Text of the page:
Understanding Sharp Vision: How Humans See in Such Detail

Our most loved pets, like cats and dogs, have exceptional vision. In some aspects of vision, our pets have superior vision to us. For example, cats and dogs can see better in the dark and are more sensitive to perceiving motion, which makes them good hunters.

However, humans have a skill that is only found in primates: the ability to see in detail. Our vision is the result of millions of years of evolution. Our eyes have come a long way since the beginning of their evolving journey. We began with nothing more than a light spot able to detect light and dark.

Now, we are able to go from reading a book to looking 20 feet in the distance with our eyes taking less than a second to adjust. What we see is vibrant colors and every detail imaginable. Details that painters spend their whole lives trying to capture, our eyes pick up on every day.

Human eyes are the original high definition.

What Sets Us Apart from Other Mammals

In looking to understand our own vision and how our eyes work, we’ve often relied on mice. Mice have similar eye structure to our own and can be easily studied to find cures for diseases such as cataracts and glaucoma.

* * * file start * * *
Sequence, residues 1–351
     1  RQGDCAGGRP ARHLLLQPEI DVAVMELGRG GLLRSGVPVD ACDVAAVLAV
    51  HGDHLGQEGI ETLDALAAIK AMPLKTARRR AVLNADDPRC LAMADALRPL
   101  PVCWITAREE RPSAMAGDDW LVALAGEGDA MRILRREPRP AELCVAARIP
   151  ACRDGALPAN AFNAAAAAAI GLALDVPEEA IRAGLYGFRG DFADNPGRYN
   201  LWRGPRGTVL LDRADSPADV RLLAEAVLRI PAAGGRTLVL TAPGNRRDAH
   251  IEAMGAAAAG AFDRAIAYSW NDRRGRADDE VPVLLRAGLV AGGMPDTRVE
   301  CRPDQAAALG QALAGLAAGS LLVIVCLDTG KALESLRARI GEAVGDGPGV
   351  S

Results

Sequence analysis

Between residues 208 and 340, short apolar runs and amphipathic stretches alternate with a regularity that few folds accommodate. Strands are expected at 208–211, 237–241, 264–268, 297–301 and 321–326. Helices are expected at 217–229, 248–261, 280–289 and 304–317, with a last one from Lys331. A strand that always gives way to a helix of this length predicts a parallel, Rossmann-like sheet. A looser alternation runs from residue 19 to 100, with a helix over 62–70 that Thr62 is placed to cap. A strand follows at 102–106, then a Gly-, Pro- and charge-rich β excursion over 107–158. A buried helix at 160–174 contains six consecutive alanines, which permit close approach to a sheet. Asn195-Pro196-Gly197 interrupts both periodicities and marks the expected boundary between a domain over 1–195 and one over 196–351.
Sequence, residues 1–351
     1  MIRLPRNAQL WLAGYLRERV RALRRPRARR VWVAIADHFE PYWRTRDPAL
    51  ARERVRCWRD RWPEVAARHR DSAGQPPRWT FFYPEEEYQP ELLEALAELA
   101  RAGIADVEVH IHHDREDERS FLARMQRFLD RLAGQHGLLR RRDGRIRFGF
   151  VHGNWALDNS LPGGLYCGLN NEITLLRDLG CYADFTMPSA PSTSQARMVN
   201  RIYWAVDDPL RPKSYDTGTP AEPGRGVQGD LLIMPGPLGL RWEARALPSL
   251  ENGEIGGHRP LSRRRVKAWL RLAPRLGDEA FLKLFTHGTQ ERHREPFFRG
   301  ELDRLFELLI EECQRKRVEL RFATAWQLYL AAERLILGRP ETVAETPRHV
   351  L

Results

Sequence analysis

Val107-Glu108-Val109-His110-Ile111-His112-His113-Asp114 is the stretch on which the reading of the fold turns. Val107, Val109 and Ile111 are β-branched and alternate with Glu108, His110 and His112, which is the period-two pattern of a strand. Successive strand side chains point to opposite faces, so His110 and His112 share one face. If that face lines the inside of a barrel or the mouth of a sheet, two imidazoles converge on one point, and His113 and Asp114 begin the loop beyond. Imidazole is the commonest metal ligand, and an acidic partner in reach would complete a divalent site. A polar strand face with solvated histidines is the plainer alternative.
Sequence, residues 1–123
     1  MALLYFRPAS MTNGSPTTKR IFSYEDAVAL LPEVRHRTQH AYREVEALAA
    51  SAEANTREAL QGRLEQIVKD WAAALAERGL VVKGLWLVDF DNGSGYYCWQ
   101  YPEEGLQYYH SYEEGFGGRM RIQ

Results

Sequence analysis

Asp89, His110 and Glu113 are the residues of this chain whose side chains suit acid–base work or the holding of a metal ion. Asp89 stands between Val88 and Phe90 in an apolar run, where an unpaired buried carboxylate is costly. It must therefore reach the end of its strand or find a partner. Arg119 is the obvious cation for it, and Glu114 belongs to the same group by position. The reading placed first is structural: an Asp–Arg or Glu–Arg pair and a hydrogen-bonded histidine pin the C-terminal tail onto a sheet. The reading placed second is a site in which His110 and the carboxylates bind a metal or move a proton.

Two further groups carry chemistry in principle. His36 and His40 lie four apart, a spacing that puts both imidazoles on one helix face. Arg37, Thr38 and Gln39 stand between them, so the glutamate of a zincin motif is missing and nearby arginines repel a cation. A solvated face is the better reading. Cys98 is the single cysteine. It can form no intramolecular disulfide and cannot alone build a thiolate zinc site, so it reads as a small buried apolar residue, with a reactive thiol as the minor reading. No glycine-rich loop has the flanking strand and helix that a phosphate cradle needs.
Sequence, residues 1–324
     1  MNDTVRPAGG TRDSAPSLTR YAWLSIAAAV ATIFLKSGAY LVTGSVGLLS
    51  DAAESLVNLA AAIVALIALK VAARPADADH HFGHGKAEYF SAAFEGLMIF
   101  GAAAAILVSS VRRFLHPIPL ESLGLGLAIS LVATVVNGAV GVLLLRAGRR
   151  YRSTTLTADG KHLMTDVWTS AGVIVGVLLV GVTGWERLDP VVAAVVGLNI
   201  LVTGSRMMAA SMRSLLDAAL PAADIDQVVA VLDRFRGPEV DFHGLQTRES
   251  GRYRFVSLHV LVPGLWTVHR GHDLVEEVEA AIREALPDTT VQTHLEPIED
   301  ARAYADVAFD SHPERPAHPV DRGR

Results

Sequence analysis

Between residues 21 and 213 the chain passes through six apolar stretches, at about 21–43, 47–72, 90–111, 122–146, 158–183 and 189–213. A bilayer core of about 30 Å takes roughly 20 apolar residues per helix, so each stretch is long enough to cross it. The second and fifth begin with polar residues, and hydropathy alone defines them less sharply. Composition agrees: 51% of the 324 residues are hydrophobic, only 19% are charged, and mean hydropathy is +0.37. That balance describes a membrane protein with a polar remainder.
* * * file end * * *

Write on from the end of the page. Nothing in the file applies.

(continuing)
For all our similarities, however, there is one part in the retina that humans have while mice do not. The fovea, a dimple found in the retina is what allows us to perceive such details. Mice do not have a fovea in their retina, meaning that they can’t see as we do.

Other animals like our dogs and cats are also missing this incredible feature in their eye structures. While our cats may see better at night and our dogs may be able to spot a squirrel faster than we can, they will never be able to see the details on a single leaf or snowflake.

Though this is all very poetic and romantic, our eyes see in such detail for more than just our viewing pleasure. Today we use our sharp vision to aid in activities such as reading and driving. But what did the first humans need it for?

Like any other type of evolution, our eyes evolved to help us survive. We developed depth perception to be able to better hunt prey and avoid dangers like cliffs. The ability to see in such detail is also a result of our instinct to survive. We developed sharp vision to see things that other animals would miss.